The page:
“Herring?” you ask. Yes. I would know that taste anywhere. And they had added a drop of lime for the odontophobic crowd.

Salty fish and sand. Dr. Helge was wrong. It did hurt and it was as unpleasant as hell. My tongue ran this way and that, trying to hide in a corner of my cheek, and then slid in desperation towards my throat. But what on earth could he be doing?

In a flash I found my answer: he was removing my taste buds! He was sanding off my taste buds! But why? WHY?!

I tried to squirm. I tried to cry out. The assistant pushed me down.

Fish and salt and sand. Fish and salt and sand. I needed to transcend to a lime-tasting, music-playing otherworld, but my thoughts were stuck in a repeat cycle of disbelief. Fish and salt and sand? WHY?!

“Just another minute,” Dr. Helge instructed. And then took two.

I felt the chair rising to an upright position. Raising me from the almost dead.

I sat up and watched a bright splat of blood drip from my lips and land on the thigh of my jeans. The blood was filling my mouth faster than the water was filling the little plastic cup in the rinsing basin. I grabbed a paper towel. It too filled with blood.

I spit and rinsed and rinsed and spit, cleansing myself of every last grain of salt and sand and fish. Eventually, the drops of blood began fading to pink against the white porcelain of the sink.

Dr. Hell-ge, it seemed, had one last trick up his sleeves. He told to me to make an appointment to see him in two weeks to repair a tiny cavity in one of my teeth.

“It’s small,” he said, reassuringly patting my shoulder. “No need to use an anaesthetic.”

“Ok, but—”

I really did try to protest through the paper towel I had stuffed into my mouth, but Dr. Hell had already turned to go. His assistant waited to lead me to the receptionist’s desk. I followed.

“In two weeks?” the receptionist asked. “And with Dr. Helge again.”

It wasn’t a question. She had said it as she typed. Should I have asked to see another dentist? But which one? Which one?

I stood like a deer in headlights – a deer that had been shot in the mouth in headlights – and I found myself doing what I always do in this confusing other-culture world. I nodded, smiled, and silently assured myself I would find a way to sort it out later.

On my way out I stopped in the waiting room bathroom for a paper towel exchange and bravely faced the mirror above the sink. What exactly had he done?

I made a tiger’s grin and there, glimmering through the bright red blood pooling around my gum line were the whitest teeth I’d ever seen. Sparkling in fact. Just like they do in the dentists’ ads. “Call today for a brighter, whiter smile!”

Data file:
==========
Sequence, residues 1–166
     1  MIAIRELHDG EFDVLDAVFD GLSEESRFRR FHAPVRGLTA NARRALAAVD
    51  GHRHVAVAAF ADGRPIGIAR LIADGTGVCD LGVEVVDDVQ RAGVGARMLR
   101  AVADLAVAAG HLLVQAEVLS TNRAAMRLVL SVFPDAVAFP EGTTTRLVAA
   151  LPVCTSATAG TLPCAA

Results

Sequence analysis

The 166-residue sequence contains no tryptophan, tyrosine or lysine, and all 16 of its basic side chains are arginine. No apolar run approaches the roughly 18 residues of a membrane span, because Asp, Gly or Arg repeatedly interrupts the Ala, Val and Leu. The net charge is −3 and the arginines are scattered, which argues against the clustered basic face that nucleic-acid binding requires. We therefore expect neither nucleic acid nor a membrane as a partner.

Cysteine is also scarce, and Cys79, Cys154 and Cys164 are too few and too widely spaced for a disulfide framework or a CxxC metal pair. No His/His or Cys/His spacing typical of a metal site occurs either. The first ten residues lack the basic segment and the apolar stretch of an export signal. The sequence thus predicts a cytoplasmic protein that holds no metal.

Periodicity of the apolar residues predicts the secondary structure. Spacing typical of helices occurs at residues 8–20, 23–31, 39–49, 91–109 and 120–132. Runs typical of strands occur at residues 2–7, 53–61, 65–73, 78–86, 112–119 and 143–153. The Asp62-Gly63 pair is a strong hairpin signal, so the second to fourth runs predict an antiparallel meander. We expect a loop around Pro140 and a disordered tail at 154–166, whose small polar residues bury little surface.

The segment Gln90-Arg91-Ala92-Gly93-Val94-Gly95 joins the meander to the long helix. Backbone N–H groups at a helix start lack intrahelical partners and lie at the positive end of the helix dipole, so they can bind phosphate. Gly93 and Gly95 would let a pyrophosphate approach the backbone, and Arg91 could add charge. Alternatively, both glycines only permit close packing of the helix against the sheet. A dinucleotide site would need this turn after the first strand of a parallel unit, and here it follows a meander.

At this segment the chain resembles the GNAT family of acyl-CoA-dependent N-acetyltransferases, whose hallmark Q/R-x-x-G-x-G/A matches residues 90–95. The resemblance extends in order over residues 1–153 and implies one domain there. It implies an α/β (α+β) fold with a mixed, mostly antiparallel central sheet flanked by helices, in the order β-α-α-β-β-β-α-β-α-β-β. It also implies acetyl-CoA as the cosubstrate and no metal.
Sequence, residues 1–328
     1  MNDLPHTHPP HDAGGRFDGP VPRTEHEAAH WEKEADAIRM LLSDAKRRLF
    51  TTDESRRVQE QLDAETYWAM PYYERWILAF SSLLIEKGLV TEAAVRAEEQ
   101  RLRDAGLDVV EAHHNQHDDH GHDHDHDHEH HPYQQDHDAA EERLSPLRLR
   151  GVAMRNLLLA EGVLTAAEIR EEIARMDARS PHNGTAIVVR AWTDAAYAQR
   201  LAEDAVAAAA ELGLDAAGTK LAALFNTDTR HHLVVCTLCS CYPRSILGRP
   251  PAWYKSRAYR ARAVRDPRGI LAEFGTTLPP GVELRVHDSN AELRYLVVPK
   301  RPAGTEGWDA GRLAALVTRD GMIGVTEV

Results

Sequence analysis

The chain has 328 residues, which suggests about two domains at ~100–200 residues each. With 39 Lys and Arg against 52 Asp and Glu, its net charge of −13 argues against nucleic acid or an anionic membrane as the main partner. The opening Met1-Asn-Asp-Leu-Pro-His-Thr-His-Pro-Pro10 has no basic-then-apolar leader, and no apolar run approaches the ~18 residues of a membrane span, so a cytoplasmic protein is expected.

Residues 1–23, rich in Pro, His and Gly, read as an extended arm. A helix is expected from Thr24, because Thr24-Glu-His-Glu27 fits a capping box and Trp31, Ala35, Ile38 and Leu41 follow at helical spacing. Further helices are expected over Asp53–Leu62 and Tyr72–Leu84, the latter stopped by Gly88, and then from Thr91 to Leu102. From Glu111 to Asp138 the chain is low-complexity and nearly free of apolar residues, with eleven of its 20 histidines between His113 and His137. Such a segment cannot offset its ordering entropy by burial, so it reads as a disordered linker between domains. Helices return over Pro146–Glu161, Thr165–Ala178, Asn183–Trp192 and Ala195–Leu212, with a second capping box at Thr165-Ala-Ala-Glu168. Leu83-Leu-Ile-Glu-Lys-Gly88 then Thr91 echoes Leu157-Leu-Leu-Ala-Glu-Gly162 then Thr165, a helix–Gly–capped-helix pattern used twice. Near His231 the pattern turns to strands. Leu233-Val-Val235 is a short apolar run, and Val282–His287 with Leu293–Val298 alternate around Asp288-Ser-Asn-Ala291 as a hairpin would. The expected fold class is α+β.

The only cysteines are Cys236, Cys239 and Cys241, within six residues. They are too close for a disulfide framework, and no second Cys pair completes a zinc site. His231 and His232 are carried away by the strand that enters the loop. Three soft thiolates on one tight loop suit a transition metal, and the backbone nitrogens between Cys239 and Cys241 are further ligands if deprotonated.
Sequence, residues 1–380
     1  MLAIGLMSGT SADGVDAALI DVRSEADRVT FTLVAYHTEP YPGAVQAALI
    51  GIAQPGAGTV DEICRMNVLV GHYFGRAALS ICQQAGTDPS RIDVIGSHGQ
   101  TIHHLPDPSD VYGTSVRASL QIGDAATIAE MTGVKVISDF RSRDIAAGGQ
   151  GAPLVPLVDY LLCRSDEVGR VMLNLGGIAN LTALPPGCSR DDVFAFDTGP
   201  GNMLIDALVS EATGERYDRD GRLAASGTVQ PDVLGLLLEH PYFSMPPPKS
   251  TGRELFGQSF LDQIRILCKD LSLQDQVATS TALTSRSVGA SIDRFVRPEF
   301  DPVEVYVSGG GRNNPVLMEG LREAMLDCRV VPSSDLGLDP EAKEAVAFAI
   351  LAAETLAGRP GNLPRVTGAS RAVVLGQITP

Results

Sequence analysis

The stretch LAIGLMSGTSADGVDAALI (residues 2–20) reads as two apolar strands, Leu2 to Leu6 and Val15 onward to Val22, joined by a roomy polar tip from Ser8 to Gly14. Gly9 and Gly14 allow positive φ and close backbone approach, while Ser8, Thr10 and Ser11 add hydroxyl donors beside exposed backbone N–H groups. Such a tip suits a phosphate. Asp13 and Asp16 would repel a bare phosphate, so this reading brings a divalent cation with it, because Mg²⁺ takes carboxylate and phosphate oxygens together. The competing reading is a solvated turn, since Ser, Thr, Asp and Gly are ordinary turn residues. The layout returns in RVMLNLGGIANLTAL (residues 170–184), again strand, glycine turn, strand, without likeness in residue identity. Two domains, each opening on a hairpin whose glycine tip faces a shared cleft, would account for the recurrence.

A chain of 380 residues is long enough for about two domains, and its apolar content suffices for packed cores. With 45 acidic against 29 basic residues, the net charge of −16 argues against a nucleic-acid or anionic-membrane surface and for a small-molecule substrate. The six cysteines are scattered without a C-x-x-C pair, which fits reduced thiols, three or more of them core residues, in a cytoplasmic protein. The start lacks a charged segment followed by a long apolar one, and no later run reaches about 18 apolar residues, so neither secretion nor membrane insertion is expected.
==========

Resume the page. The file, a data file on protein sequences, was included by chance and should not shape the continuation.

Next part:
Once home I leapt down the stairs to my computer and quickly typed the name of the dentist’s office into my browser. Five photos appeared on the website, but not hers. Where was my silent, dark-haired dentist who, for six years, had taken such good care of me? She had vanished.

. . . Had she ever existed at all?

Happy Halloween! (But beware: Too much candy may lead you to the dentist’s lair … I mean CHAIR!)

9 Comments leave one →
  1. 27 October 2011 15:48

    I have the same history of dental care as you. No big deal. However, the herring flavored sandblasting treatment might unnerve me somewhat. That is the scariest Halloween story I have read since The Legend of Sleepy Hollow! AaaaOooooooooo!
    P.S. I started my own blog. Now that’s REALLY scary!

    • 31 October 2011 09:16

      Good for you on starting your own blog! … and remember to brush and floss! 😉

  2. Tore permalink
    28 October 2011 07:20

    I was under the impression it was lemon-flavored grains of bicarbonate of soda, but, not being a herring person, I can neither confirm nor deny your suspicions. 😉 But that dentist from the twilight zone? Weirdness…

    • 31 October 2011 09:17

      Weirdness was my overall impression as well. Would bicarbonate of soda be that grainy? Like little pellets? (And have you actually had this procedure?! I was under the impression that he had pulled out some machinery from the dark ages.)

      • Tore permalink
        31 October 2011 10:41

        If it is the same thing I’ve had done, it’s called (trademarked, I guess) Air-Flow. Not sure how much air is really involved.

        As for bicarbonate of soda – I think they actually use it instead of sandblasting in some cases, for instance paint stripping from car parts etc. It’s gentler to the surface and more environmentally friendly – I think. I doubt there’s lemon in it when they strip paint, though. Or fish.

  3. Goodness and Grit permalink
    31 October 2011 11:11

    Fabulous!!! But do keep us posted, as I desperately want to know the rest of the story!!!

    I love my dentist in Lillehammer. He looks as though he should have retired ten years ago and is deaf. He talks non stop and I am crazy enough to try to respond. He has a hearing implant thingie, but I don´t think it works because he doesn´t seem to hear a word I say. Perhaps he has it switched off (on purpose). I guess I am trying to say my Norwegian dental experiences are also straight out of the Twilight Zone, but I AM a happy patient!!!


  4. Tom Allen permalink
    1 November 2011 03:41

    Hi Jena! Susan and I were thinking of you lately as we remembered the Halloween party at your house last year. I hope you had a fun Halloween this year, despite the dentist. Henry and Dexter were glad to be back to trick-or-treating. Henry was Darth Vader and Dexter was a skeleton.

    We miss Norway! That was such a fun time.

  5. Katie permalink
    4 November 2011 13:27

    I will fall off the wagon for years at a time with the dentist, although I am currently on the straight and narrow thanks to my kids. But my dentist is 14 and looks like Duff from Charm City Cakes (which you probably haven’t seen in Norway, but trust me, it’s unsettling).

  6. 18 June 2012 21:17

    I go to see daily a few blogs and blogs to read content, but
    this weblog provides feature based posts.